Biden Loads Up on Extra Shots, Fueling Vaccine Gap Worldwide

U.S. President Joe Biden speaks to members of the media on the South Lawn of the White House before boarding Marine One in Washington, D.C., U.S., on Friday, Feb. 12, 2021. Photographer: Kevin Dietsch/UPI/Bloomberg

(Bloomberg) --President Joe Biden has ordered almost enough Covid-19 vaccine to fully inoculate every American adult twice, expanding production as he faces both uncertainty about domestic needs and calls from shot-starved allies to share the U.S. supply.

By Josh Wingrove and Riley Griffin
Mar 11, 2021, 1:16 AM – Updated on Mar 11, 2021, 2:11 AM
Word Count: 991

Biden announced Wednesday that he’ll double the U.S. order of Johnson & Johnson’s single-dose vaccine to 200 million shots, after the company struck a deal last week with Merck & Co. to bolster production.

“A lot can happen, a lot can change, and we need to be prepared,” Biden said at the White House, praising the companies.

Biden’s administration has said its priority is vaccinating every willing American before sending any shots abroad. Wednesday’s announcement shows that the president expects a surplus of vaccine before the U.S. begins to help inoculate the world, beyond contributing billions of dollars to a vaccine program for low-income countries.

Administration officials have defended the U.S. approach, saying a vaccine hasn’t yet been approved for children and it isn’t clear which one will work best for them. Also, they say, booster shots may be necessary if the immunity that vaccines provide isn’t long-lasting or doesn’t protect against new variants.

One Biden official, who asked not to be identified discussing a sensitive matter, invoked the country’s death toll — which stood at 529,000 Wednesday, according to data from Johns Hopkins University. The U.S. has had more Covid deaths than any other country and needs its vaccines to protect against further fatalities, the official said.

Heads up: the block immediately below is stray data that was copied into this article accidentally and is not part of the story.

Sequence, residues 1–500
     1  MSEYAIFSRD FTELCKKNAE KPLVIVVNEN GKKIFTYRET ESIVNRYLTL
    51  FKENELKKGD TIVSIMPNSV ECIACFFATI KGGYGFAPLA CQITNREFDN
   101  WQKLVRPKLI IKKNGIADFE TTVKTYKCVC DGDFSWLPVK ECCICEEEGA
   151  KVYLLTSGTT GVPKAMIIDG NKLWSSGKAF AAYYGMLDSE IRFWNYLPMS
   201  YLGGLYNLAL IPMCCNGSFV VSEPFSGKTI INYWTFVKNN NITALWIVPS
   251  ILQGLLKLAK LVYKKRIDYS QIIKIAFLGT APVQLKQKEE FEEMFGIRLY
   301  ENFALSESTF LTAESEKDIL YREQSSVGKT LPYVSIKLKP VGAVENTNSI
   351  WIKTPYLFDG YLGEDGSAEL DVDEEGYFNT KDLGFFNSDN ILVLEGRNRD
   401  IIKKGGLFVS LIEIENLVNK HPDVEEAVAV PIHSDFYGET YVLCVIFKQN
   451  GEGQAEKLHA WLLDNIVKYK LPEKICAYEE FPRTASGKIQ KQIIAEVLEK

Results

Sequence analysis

Vaccine Gap
Nonetheless, Biden’s new order of J&J’s shots risks further exacerbating a vaccine gap between have and have-not nations. Mexico last week asked the U.S. to share doses and was rebuffed, and the European Union has made similar appeals.

Countries that focus on immunizing their own populations face a bitter reality that the pandemic will end only when it ends everywhere. Variants of the virus also tend to emerge when it is spreading unchecked — raising the chance that a more dangerous version could pop up abroad and then reach U.S. soil.

The EU has exported 34 million doses so far, including nearly a million to the U.S., according to data revealed Wednesday.

Even as Biden said the world will have to wait for help from the U.S., he acknowledged the need.

“We’re going to start off making sure Americans are taken care of, first, but we’re then going to try to help the rest of the world,” Biden said. “We’re not going to be ultimately safe until the world is safe.”

The White House hasn’t said whether any U.S.-produced vaccines have been exported. Moderna Inc. has said its U.S. production is entirely for domestic use. Pfizer Inc. and J&J have declined to say whether they’ve exported any U.S.-produced doses or plan to.